LP is an organizational structure and a set of rules for conducting research studies to be submitted to regulatory bodies such as the FDA, EPA, and comparable agencies in Europe. As such, the rules are vague enough to be unhelpful in conducting research, but detailed enough to create a burden on the investigator. Their purpose is to enable every aspect of a study to be reconstructed by a third party. This book describes the rules in narrative format, then provides the actual rules from the OCED, FDA, and EPA in an appendix.
If you're interested in bureaucratic regulations for some reason, or if you are forced to learn about GLP, this book is a good way to do it. The subject matter is intrinsically boring, but the writing style is reasonably good. Do not buy this book yourself: your employer should be paying you to read this crap -- er, stuff.
gentle introduction to the pharmaceutical industry as of 2008. Written at an undergraduate level with lots of extra useless words. Informal writing style. A good way for beginning pharmacology students or technicians to learn about the drug industry. Not really useful for chemists as the title implies, unless by "chemists" you mean students and associates.
his book is a general review of the technology and principles for creating biosensors. oriented toward analytical chemists wishing to expand into detection of biomolecules. It discusses amperometric detectors, field effect sensors, potentiometric sensors, light addressable potentiometric sensors, fiber optic devices, evanescent wave, surface plasmon resonance, electrogenerated chemiluminescence, thermal sensors, and acoustic wave devices. Doesn't give the level of detail as the excellent Bioconjugate Techniques, which gives a wealth of information on covalent modification of proteins, and doesn't discuss procedures for actually building or using the biosensors like Affinity Biosensors: Techniques and Protocols, but has numerous literature references for those who need more detailed and specific information, and is mainly useful as a source of ideas.
his book consists mainly of a collection of tabulated data of food and water contaminants in 36 American cities. This is an important topic. Unfortunately, the data are woefully incomplete. Most of the numbers are not pollutant levels, but totals of the number of times a particular chemical was detected. But what method was used? What was the sensitivity level? Today's ultrasensitive equipment can measure vanishingly small levels of contaminants. What concentration was actually measured? What was the variability? Without this information, to say that something was "detected" is to say almost nothing at all. Any conclusions drawn from such data would be equally suspect.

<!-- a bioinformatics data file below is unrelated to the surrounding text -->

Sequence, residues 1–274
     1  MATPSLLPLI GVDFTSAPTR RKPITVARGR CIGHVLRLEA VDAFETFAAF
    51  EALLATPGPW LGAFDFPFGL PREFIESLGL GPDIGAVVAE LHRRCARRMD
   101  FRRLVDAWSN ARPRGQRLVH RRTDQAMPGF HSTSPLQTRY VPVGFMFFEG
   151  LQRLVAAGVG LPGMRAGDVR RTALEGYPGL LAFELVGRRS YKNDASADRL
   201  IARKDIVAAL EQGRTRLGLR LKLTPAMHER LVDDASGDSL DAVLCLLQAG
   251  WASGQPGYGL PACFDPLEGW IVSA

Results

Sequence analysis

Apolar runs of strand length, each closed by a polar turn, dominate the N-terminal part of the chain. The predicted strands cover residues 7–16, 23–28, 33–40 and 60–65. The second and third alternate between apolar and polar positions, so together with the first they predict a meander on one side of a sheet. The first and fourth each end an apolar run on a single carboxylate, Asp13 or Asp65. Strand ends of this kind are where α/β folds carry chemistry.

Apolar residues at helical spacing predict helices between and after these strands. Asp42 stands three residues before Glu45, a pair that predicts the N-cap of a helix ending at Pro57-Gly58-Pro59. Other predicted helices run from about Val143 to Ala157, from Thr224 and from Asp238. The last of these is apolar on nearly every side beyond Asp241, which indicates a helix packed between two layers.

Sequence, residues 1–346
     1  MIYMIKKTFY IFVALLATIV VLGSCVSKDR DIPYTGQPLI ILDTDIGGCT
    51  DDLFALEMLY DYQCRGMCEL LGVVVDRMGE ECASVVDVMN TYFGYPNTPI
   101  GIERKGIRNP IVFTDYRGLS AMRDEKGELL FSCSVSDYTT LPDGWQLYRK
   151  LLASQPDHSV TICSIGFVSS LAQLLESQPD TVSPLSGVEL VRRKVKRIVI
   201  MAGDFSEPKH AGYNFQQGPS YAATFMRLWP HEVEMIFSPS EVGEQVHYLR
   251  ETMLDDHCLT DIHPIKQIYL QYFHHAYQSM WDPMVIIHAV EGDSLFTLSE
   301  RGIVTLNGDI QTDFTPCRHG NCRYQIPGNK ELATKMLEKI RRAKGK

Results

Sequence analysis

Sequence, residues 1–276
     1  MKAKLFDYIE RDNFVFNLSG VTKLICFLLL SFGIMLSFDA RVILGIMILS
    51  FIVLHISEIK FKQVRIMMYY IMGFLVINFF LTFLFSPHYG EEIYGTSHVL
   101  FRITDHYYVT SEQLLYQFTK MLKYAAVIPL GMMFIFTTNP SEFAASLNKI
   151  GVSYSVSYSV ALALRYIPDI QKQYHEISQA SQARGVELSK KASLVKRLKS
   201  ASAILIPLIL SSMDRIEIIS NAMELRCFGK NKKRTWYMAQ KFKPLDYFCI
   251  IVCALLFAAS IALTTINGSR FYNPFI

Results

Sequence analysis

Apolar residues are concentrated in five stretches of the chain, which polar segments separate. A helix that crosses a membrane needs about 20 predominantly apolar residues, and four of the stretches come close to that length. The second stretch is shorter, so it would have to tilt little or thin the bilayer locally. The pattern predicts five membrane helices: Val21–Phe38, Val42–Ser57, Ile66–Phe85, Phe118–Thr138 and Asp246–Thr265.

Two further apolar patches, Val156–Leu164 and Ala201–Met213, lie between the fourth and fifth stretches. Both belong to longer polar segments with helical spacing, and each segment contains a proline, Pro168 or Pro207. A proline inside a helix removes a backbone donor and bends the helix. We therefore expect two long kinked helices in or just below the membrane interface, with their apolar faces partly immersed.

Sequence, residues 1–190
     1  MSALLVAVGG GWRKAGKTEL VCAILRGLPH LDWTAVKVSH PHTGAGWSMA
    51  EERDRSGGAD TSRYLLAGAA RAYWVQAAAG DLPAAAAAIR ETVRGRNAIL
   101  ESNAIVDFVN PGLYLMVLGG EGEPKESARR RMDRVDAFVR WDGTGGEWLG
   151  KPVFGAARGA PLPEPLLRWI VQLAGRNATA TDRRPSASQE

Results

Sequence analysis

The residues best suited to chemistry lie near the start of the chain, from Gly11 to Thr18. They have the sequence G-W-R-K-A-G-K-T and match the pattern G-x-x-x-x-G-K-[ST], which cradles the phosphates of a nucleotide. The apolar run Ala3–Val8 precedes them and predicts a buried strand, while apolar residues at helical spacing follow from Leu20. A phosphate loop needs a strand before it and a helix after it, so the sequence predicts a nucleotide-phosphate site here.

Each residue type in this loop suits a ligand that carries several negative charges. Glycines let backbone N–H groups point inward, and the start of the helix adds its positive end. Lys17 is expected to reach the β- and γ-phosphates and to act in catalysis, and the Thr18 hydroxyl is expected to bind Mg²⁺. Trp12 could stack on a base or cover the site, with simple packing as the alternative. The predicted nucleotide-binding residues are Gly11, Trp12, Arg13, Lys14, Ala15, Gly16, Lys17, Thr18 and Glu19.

Many of the numbers that do represent real quantities are also not credible. For example, Table 8-7 shows New York City with a total of 7 pounds of toxic air pollutants released between 1996 and 2001, while Baton Rouge had 32,051,286 pounds. Does this make any sense? Appendix 8, which lists toxic air pollutants by city, lists the concentrations of 42 substances for Charleston, SC, but only two substances for Binghamton, NY. Only once--in a graph showing the acrylamide concentrations in various brands of potato chips (p. 197)--is any number in the book accompanied by an estimate of error. The authors say that hot dogs and tuna are contaminated with chloroform. What hotdogs and tuna? How much chloroform? One part per billion? Ten thousand? How is anyone supposed to use data like this?
The authors say (p.13) that knowledge of chemistry is not needed to understand the toxicological implications of the data. That is true, if all you want to do is frighten uninformed people. If, on the other hand, you want to find out whether a given pollutant is a problem, you need to know a great deal of chemistry. And if, for some inscrutable reason, you wanted to know what's really happening in the environment, you would need some real numbers, and some meaningful ones. Maybe someday we will get them.
n this short, non-technical book, John LaMattina, the former president of Pfizer Global Research and Development, provides an articulate defense of the pharmaceutical industry. Says LaMattina: “Only pharmaceutical R&D discovers, develops, manufactures, tests, and demonstrates the properties of compounds that prove or disprove medical hypotheses.” LaMattina describes the stories of successful and unsuccessful drugs, including torcetrapib, a heart disease drug that Pfizer spent 15 years and 800 million dollars on, only to have it fail in Phase 3 testing. A fascinating memoir by an impressive scientist.